For example, you might’ve lived in a place with an amazing self-service portal from the local government. You could access all your medical records, driving license details, tax records from one single place. Perhaps this self-service functionality also applies to your own business. Consumers love having easy-to-access information, especially for their data.

6. Innovate

Use these insights and ideas to revolutionize your customer service and experience. Think about how you could become the trademark of your industry and don’t be afraid to try new things. 

Reinvent the Customer Experience

In ‘The Convenience Revolution’ book, I present 6 principal areas of focus, supported by numerous examples from Fortune 500 companies and small local businesses.

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1. Reduce friction

Although it seems obvious, this should be the main focus for all companies out there. Think of Uber and Lyft. They’ve removed the friction from the classic process: getting out your phone, calling a taxi company, waiting for the taxi to arrive, paying, etc. Instead, people open the app, request a lift, and leave.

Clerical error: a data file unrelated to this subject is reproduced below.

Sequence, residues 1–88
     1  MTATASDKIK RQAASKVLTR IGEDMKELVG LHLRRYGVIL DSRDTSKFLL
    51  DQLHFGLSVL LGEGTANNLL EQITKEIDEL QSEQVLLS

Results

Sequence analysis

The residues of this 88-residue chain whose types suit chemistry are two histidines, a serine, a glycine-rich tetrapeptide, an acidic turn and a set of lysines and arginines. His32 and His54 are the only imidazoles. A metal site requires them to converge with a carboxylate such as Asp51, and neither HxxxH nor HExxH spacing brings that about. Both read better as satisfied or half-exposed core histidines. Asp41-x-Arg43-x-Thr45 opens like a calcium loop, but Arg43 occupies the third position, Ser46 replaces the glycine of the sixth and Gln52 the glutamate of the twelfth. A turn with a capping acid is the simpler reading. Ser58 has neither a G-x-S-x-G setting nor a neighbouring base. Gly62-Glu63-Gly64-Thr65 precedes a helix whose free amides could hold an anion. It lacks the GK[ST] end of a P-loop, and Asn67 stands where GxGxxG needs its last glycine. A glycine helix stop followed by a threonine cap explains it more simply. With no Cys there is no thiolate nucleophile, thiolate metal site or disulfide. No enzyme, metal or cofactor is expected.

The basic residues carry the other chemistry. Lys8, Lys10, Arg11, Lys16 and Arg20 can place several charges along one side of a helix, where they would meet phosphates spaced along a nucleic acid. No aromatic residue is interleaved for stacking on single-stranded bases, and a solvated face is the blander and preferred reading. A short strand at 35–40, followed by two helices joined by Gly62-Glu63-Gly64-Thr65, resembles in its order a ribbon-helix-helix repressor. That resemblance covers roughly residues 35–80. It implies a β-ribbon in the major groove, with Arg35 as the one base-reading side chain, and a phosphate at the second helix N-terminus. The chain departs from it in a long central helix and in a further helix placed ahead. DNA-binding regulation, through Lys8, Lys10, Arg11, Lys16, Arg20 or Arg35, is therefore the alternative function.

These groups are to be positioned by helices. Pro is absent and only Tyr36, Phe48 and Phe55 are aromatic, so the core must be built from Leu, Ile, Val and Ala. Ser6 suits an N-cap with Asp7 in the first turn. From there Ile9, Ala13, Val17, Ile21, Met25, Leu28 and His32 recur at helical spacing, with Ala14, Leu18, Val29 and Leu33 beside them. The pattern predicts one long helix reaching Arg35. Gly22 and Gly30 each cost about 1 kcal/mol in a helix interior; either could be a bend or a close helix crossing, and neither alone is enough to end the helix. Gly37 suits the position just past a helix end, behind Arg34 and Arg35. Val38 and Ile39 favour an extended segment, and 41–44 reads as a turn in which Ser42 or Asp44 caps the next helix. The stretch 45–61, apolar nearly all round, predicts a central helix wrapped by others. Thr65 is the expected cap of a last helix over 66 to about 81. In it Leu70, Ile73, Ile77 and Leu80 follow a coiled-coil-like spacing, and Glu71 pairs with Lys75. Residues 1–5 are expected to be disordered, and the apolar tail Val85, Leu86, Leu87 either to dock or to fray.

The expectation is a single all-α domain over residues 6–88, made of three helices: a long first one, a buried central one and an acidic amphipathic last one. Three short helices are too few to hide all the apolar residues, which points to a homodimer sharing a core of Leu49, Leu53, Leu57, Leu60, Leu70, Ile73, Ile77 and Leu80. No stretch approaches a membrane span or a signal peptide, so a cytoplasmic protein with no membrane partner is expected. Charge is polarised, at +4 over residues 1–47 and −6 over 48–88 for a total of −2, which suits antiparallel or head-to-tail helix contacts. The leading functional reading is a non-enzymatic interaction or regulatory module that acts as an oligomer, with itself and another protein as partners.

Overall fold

2. Self-service

Give people control over their experience. Nowadays, consumers don’t want to call up your company and wait to speak to a customer service representative. Let them find answers to their problems with all the necessary information at their fingertips.

Amazon revolutionized self-service. You can seamlessly find anything you could ever want to buy before handling the entire buying and returns process yourself. I’ve seen this creep into medical and dental care. I can now go online and book a dental appointment without calling anyone. 

3. Technology

Technology is the mainstay of all innovation. Sharing money via digital wallets like Venmo is technology. There’s no need for a checkbook, buy an envelope and stamps, mail my cheque to you, and wait a few days to receive it. I can send money instantly across the country. It’s changed the game by making the process easy and frictionless.

I’ve seen these new photocopiers with sensors to detect running low on toner. As soon as your levels drop below a certain point, it automatically orders new toner for you. Technology, when done right, can automatically take care of all the menial, time-consuming tasks that people avoid.

4. Subscription

Subscription-based models are quickly rising in popularity. I’m a member of the Dollar Shave Club. Every month I automatically receive my razor blades, so I never again have to pick them up from a store. Whether it’s Spotify, Audible, or Amazon Prime, people are happy to pay a small amount each month for a service that makes their lives easier.